Fall Lawn Care & UCEMGV Monthly Educational Meeting

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With the heat of summer and the dog days of August upon us, not too many folks are thinking about fall lawn care. But now is the time.

Soil testing is free though the end of November, so if you haven’t tested your soil the past 2-3 years, you may consider testing. You can pick up a soil test kit at the Union County Extension Center or at any Union County Library (just ask for one at the information desk). Testing the soil will give you a baseline of the nutrient levels and pH of the soil. If you need to add lime, adding it in the fall allows time for the chemical reaction to take place in the soil before next growing season. If fertilizer is needed those recommendations will be part of the soil test report.

Zoysia can be fertilized in August and Bermuda grass in September, but not after that, because if you fertilize these grasses too late in the season, they may not harden off properly and may be prone to winter damage. If you may have had a problem with winter annual weeds this past spring, you might want to consider the application of a pre-emergent herbicide this fall to manage them for next season.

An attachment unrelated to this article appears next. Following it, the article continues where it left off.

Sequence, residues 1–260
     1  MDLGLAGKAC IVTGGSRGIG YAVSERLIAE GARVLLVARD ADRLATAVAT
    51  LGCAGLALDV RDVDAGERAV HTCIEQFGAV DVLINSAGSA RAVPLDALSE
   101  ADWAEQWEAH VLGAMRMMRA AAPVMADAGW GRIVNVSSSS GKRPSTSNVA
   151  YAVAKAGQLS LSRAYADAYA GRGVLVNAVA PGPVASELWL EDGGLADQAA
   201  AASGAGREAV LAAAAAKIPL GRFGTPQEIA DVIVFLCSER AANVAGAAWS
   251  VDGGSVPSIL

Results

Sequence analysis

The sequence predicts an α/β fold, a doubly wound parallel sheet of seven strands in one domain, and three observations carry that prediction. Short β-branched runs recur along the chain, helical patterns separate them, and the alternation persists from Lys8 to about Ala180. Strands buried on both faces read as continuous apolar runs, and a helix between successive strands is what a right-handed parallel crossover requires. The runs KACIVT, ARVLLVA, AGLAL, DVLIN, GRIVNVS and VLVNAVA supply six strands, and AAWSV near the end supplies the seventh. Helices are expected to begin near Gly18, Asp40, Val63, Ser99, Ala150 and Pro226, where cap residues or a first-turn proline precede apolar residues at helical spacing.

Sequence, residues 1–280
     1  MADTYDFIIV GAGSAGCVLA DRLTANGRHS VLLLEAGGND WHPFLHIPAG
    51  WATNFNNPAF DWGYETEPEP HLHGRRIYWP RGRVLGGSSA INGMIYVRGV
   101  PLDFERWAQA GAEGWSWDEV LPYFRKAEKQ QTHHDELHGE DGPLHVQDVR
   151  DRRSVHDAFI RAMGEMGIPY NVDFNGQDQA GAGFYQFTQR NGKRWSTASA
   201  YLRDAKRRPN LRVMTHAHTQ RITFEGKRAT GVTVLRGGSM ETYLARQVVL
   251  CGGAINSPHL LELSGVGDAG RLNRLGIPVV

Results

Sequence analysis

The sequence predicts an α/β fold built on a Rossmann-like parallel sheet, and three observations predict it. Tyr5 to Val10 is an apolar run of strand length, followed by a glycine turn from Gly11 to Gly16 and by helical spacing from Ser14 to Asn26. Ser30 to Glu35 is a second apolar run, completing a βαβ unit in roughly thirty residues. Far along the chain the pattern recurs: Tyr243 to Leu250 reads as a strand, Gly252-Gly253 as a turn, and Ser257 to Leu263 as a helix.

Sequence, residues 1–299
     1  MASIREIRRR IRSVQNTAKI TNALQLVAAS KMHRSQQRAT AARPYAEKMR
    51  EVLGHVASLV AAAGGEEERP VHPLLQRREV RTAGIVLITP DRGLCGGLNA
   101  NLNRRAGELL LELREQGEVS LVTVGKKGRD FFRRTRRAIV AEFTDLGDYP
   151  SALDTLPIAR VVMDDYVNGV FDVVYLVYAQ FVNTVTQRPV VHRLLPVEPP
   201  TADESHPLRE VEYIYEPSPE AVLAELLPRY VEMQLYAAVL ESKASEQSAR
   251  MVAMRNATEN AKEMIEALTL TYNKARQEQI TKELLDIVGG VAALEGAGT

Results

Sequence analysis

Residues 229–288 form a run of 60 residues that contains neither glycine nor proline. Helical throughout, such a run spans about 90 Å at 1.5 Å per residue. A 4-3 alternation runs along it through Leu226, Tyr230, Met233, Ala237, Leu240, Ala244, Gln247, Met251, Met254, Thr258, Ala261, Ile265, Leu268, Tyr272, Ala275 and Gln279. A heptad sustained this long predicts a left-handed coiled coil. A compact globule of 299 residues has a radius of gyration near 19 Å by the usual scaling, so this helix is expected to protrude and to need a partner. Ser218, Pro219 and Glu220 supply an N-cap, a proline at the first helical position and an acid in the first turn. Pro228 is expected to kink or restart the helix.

Cool season grasses such as Tall Fescue are best fertilized in the fall as you want to encourage root growth that will support the plant next summer.  Another chore that can be done in the fall on cool season lawns is aeration. This can be done in either fall or spring when the plants are actively growing. If you have a problem with compaction you can do in both spring and fall. Aeration can be followed with over-seeding if needed and topdressing with ¼” of a good compost. As with the warm season grasses, if you have had a problem with winter annual weeds, you may want to make an application of a pre-emergent herbicide.

We are fortunate to have an excellent website from North Carolina State University that covers all things related to lawns. It is called Turffiles and has variety recommendations, maintenance calendars for many varieties of warm and cool season grasses, information on grass identification, and insect, disease, and weed identification and management. The website is turffiles.ncsu.edu.

Join the Union County Master Gardeners this Thursday, August 17, at 7 pm at the Union County Extension Center for their monthly educational meeting. Paula Gross, Associate Director, UNCC Botanical Garden will be discussing  Ferns.

Written By

Photo of Debbie DillionDebbie DillionExtension Agent, Agriculture - Horticulture (704) 283-3729 debbie_dillion@ncsu.eduUnion County, North Carolina
Posted on Aug 14, 2017
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